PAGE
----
Louisville's latest dual-threat QB is 'Lamar-esque'

Louisville's latest dual-threat QB is 'Lamar-esque'

Football

Louisville's latest dual-threat QB is 'Lamar-esque'

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Clemson’s task of trying to slow down a dual-threat quarterback will continue this week when the Tigers head to Louisville, where the Cardinals have a signal caller that’s drawing comparisons to one of their former Heisman Trophy winners.

Malik Cunningham is the latest quarterback to come through Derby City that can do damage with both his arms and his legs. He’s has already accounted for 2,164 yards of offense through eight games, including 480 on the ground. That’s run his career rushing total to 2,068 yards, making him one of two Louisville quarterbacks to ever run for 2,000 career yards.

The other? Lamar Jackson, who accounted for 457 yards and three scores when he faced Clemson in 2016 — the same season in which Jackson won college football’s most coveted individual award.

“If you look statistically, there’s some similarities between those two guys for sure,” Clemson coach Dabo Swinney said. “He’s definitely Lamar-esque for sure. He keeps you up at night. He can really create and turn a bad play into a good play.”

Cunningham has already rushed for 13 touchdowns this season, tied for tops in the ACC. But he’s far from a one-tricky pony. He’s completed nearly 64% of his passes this season for 1,684 yards and eight scores. He’s thrown for more than 6,800 yards and 51 touchdowns in his career and is the only Louisville quarterback to ever throw four touchdown passes of at least 75 yards.

Swinney compared the 6-foot-1, 200-pounder’s skill set to a blend of what Clemson has already seen out of Syracuse’s Garrett Shrader and Florida State’s Jordan Travis. At 6-4 and 230 pounds, Shrader, the ACC’s sixth-leading rusher, is a bigger-bodied quarterback that has the power to match his long-strided speed. Meanwhile, Travis is a quicker, more slippery signal caller that can be harder for defenses to get their hands on.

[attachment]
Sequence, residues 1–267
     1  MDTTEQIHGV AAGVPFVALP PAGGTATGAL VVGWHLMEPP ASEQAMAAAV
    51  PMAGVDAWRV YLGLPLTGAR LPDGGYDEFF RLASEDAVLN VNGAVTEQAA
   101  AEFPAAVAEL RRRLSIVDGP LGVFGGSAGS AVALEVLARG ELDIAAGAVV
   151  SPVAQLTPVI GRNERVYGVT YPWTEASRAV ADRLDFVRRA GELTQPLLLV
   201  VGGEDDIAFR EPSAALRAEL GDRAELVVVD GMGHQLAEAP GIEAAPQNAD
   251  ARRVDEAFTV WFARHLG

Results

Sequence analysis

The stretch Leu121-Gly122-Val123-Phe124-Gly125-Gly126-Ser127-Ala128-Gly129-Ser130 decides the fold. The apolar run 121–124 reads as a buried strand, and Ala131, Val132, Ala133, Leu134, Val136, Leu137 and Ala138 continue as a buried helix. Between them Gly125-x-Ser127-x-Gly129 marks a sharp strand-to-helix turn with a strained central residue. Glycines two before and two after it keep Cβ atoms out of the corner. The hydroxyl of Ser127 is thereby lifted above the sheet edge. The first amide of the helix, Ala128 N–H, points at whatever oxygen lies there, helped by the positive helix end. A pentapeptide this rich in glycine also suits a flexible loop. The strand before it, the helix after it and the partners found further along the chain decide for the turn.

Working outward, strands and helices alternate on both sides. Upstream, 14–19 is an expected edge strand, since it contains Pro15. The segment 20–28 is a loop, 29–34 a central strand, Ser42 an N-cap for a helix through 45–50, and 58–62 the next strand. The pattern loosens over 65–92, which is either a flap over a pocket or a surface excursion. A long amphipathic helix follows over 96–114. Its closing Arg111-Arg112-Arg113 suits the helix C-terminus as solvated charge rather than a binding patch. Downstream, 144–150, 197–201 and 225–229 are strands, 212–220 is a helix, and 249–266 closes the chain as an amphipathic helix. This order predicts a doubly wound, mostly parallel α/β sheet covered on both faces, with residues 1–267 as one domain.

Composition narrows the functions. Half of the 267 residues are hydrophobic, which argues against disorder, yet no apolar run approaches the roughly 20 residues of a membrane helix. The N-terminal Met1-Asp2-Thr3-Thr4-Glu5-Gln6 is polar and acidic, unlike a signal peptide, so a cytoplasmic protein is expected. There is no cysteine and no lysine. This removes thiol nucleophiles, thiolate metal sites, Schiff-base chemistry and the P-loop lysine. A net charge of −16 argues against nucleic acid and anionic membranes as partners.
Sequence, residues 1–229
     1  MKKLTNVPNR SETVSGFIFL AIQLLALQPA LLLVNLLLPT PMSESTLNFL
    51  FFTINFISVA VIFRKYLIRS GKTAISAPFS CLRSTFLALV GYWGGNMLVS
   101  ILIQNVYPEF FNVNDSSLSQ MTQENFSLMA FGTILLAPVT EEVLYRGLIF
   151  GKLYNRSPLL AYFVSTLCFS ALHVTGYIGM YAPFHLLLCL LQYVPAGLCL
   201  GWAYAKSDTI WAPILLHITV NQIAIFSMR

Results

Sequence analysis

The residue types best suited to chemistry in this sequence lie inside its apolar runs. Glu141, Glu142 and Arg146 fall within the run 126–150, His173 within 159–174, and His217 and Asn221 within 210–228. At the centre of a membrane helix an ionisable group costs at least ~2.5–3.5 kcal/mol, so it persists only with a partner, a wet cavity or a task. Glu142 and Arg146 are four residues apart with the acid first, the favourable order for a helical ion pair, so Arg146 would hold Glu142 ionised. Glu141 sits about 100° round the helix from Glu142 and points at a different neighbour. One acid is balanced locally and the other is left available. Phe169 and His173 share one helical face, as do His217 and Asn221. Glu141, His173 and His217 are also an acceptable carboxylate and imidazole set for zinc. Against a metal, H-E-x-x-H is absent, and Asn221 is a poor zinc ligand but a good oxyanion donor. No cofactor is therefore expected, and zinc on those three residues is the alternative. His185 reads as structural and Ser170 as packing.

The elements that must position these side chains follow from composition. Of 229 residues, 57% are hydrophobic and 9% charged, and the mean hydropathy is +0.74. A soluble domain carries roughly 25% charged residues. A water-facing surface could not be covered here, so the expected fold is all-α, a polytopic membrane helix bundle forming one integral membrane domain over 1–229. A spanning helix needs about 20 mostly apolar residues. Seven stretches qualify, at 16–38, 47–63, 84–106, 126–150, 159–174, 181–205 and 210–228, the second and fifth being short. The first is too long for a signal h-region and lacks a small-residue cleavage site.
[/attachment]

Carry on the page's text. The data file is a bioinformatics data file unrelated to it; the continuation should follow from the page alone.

“Similar to Shrader, but he’s more elusive than Shrader,” Swinney said. “Maybe not quite as elusive as Travis, but he’s kind of in between there. He’s dangerous.”

Clemson bottled up Shrader and Travis, a big reason why the Tigers beat Syracuse and FSU. Shrader had a season-low 6 net yards on seven carries while Travis was even less effective with his 16 carries going for minus-4 yards. Clemson got to him for a season-high six sacks.

Cunningham hasn’t had much success against Clemson either. He played against the Tigers in 2018 and 2019, going a combined 9 of 21 passing for 184 yards. His nine carries against the Tigers in those games netted just 7 yards, and Clemson won those games by a combined 96 points.

But the experience Cunningham has gained since, Swinney said, is the biggest difference between him and the other dual threats Clemson has seen this season. A fifth-year junior, Cunningham has played in 40 career games and doesn’t figure to be easily confused by whatever Clemson defensive coordinator Brent Venables tries to throw at him this weekend.

“He really understands their scheme,” Swinney said. “I don’t know how many games he’s started, but he’s been there a long time, and that matters. He’s got a really good feel for defensive football, structure and coverage. Where to go with it. When to run. When not to run. All of those things.”

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